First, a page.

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The neural basis of cultural differences in delay discounting

Bokyung Kim, Young Shin Sung and Samuel M. McClure
Philosophical Transactions: Biological Sciences
Vol. 367, No. 1589, The Biology of cultural conflict (5 March 2012), pp. 650-656
Published by: Royal Society
Stable URL: http://www.jstor.org/stable/41433542
Page Count: 7
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The neural basis of cultural differences in delay discounting
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Abstract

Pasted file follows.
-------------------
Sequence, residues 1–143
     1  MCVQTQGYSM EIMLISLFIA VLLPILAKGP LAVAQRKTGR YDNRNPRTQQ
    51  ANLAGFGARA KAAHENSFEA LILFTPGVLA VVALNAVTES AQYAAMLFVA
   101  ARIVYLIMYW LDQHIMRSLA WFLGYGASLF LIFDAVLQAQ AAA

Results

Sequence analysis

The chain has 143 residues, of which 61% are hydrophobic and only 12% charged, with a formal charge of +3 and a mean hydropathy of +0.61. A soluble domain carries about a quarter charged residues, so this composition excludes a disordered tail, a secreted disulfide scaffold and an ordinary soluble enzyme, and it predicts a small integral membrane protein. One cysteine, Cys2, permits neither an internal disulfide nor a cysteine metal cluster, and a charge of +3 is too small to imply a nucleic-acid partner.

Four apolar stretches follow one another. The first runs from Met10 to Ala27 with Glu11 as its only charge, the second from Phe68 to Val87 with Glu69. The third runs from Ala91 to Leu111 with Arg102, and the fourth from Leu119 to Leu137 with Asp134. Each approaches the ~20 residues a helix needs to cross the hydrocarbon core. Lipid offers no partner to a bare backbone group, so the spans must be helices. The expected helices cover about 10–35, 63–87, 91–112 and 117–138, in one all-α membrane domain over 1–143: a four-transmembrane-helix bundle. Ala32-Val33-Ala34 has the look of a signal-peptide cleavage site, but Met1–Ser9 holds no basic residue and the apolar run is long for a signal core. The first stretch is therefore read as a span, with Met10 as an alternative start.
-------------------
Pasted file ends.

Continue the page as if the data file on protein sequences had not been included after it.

People generally prefer to receive rewarding outcomes sooner rather than later. Such preferences result from delay discounting, or the process by which outcomes are devalued for the expected delay until their receipt. We investigated cultural differences in delay discounting by contrasting behaviour and brain activity in separate cohorts of Western (American) and Eastern (Korean) subjects.Consistent with previous reports, we find a dramatic difference in discounting behaviour, with Americans displaying much greater present bias and elevated discount rates. Recent neuroimaging findings suggest that differences in discounting may arise from differential involvement of either brain reward areas or regions in the prefrontal and parietal cortices associated with cognitive control.We find that the ventral striatum is more greatly recruited in Americans relative to Koreans when discounting future rewards, but there is no difference in prefrontal or parietal activity. This suggests that a cultural difference in emotional responsivity underlies the observed behavioural effect. We discuss the implications of this research for strategic interrelations between Easterners and Westerners.

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